the week

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About fourteen miles off the coast of California you can find Anacapa Island. It’s a beautiful sort of place, the kind of place you can spend time pondering something or nothing in particular. It’s a grand place to go with good friends for special events, such as a birthday, or just because.

It’s a National Park, it’s in the middle of the ocean, and as such it’s a rather natural place to be. Every corner there is a view, every direction you walk you will find the beauty of God’s creation in astounding fashion.

There are also birds.

No, get that image out of your head. It’s not like that. I’m sure you’ve been to a coast or a shore and seen birds flying over nice waves, calling out every so often and dropping into the water for a nice tasty fish. Yeah. That’s not what I’m talking about. Anacapa Island is different. There are birds.

During certain months of the year Anacapa Island is the nesting ground for the Western Gull. There are very, very few places on the Pacific coast where these birds nest. And there are a lot of Western Gulls on the Pacific Coast. A lot.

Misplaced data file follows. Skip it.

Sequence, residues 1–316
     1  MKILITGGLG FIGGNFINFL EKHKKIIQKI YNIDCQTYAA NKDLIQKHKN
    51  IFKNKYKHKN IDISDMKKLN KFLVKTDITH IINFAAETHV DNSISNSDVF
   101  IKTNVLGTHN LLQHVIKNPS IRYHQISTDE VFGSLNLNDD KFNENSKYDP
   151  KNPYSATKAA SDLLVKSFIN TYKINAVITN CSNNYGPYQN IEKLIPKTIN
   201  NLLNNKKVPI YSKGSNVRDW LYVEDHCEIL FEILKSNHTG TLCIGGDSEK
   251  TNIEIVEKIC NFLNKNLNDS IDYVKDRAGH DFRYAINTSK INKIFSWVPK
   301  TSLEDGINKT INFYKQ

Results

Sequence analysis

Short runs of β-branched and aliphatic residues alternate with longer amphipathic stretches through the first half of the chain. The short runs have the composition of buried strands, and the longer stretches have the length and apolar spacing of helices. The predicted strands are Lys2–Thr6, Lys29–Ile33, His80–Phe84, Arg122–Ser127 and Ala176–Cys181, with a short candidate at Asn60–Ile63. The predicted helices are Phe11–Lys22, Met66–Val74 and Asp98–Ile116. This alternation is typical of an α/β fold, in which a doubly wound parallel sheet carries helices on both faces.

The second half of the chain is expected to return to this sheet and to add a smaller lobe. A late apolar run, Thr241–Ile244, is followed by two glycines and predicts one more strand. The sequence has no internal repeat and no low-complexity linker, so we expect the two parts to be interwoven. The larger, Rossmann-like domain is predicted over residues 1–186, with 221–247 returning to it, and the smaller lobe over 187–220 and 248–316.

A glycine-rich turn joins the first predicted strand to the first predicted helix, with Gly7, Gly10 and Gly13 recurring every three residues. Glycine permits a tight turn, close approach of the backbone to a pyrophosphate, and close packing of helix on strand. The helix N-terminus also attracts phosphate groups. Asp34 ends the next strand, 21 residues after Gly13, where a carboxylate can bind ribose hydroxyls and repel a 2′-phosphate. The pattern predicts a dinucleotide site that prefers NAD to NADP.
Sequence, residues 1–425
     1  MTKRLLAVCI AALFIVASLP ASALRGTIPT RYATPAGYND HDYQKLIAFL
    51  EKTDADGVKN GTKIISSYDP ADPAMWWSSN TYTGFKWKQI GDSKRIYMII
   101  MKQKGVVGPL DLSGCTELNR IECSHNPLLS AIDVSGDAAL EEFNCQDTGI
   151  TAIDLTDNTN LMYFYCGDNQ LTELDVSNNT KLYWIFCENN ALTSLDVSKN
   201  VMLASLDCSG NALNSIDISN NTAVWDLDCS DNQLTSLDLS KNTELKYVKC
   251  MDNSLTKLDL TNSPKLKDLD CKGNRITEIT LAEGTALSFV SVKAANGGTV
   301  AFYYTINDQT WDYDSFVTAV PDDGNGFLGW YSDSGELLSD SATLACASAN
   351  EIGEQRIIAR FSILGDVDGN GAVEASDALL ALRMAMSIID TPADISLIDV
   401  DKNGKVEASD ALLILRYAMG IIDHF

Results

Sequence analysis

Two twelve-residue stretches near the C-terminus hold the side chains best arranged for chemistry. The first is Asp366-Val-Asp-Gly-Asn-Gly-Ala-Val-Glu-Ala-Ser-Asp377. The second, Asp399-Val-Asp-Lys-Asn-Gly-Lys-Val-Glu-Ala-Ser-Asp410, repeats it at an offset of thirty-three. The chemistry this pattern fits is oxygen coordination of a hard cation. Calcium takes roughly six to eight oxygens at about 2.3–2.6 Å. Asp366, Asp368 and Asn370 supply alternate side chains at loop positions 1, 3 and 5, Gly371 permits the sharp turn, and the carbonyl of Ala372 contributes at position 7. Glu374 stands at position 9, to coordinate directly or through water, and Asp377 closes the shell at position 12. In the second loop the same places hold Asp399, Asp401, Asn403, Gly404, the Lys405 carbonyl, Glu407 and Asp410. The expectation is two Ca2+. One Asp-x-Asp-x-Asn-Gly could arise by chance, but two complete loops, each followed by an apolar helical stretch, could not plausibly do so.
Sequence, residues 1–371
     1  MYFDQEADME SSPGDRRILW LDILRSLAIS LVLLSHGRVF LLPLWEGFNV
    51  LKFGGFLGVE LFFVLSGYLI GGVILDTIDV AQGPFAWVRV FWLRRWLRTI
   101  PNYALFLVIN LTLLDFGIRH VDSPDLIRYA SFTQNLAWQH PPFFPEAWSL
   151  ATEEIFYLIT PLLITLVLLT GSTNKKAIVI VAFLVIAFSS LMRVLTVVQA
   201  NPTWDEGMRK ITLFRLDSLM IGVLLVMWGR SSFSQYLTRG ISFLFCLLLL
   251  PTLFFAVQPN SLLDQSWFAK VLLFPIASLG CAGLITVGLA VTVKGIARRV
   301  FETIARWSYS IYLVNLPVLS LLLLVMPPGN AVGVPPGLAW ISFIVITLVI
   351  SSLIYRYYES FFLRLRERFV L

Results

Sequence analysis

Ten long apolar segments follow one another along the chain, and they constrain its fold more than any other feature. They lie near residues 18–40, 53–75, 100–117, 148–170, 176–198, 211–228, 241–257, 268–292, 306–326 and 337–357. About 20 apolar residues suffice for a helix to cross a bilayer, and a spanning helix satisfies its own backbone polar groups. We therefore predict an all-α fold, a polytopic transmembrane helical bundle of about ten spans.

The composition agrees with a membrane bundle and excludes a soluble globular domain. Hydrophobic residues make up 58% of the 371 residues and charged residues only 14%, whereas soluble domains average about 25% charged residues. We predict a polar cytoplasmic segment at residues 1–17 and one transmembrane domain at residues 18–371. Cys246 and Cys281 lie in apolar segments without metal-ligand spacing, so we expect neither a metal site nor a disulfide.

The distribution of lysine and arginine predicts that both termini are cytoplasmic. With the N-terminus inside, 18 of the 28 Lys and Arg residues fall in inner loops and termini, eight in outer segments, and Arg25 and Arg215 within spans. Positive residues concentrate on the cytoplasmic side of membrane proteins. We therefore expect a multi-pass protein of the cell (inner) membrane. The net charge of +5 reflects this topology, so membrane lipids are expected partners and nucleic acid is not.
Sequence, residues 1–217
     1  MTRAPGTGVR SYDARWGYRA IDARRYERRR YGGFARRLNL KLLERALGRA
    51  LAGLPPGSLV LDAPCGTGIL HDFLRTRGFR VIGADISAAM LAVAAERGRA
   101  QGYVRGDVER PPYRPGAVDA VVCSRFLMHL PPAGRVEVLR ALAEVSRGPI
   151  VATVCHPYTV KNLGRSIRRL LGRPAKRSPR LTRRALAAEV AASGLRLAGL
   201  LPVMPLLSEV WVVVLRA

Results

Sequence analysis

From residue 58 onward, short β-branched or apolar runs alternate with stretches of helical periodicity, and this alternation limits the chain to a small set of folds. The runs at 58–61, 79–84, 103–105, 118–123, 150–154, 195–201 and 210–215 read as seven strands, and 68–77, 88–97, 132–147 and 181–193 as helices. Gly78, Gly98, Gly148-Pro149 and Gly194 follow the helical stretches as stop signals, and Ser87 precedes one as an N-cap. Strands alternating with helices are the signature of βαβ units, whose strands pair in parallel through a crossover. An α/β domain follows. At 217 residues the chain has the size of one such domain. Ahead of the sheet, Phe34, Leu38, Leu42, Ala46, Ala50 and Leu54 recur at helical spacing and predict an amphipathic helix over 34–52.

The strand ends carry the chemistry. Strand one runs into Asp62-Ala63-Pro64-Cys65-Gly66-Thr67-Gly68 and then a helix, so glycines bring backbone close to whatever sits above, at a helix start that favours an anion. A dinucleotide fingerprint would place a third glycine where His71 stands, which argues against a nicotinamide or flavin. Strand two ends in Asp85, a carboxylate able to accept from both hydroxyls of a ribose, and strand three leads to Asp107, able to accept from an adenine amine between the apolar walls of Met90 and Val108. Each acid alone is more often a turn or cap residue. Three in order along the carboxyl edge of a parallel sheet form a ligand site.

So, if you happen to go and camp on Anacapa Island during these months you will see them. You will be surrounded by them, on ground, on sea, and in the air. They are everywhere, the mothers and their darling fluffy chicks.

Western Gulls, however, are not sweet, compassionate, friendly birds. Theirs is a very serious species. And it is their island.

“Their Island?”
“Anacapa Island. It’s theirs.”

There are trails on the island, and a ranger who keeps the trails. The gulls also know the trails, and they do not nest on them. If you step off the trail, however, or even think about it the squadrons are scrambled. Sea gull mothers open their wings and rise up into the sky. Rising up pretty high. Then they begin to fly. And they do not fly out to sea. They are not fleeing.

They swoop around and attack your head. And do it again. And again. And they make you duck, as they aren’t trying to just irritate you. They are attacking. And gulls are very good about swooping down and pulling off an ear, or plucking out an eye, or taking with them grand tufts of once well combed hair. At least that is what I suspect. I never saw that myself, but I heard their mumblings, and did look in their eyes. They would have no qualms about relieving a person of body parts, as long as that person stayed away from their nests.

With a small island, and this small island almost entirely covered in nests, such attacks become somewhat common. The whole time you have to watch out not to bother a gull, and have to watch out for gulls already bothered. They swoop, and they attack, and the sky becomes a cloud of mad, frenzied gulls.

Oddly enough, I’ve felt like I’ve been on Anacapa Island all week. Almost focused, except for these dang swooping birds I can’t get away from that keep pecking at my head.

It’s a curious sort of feeling.

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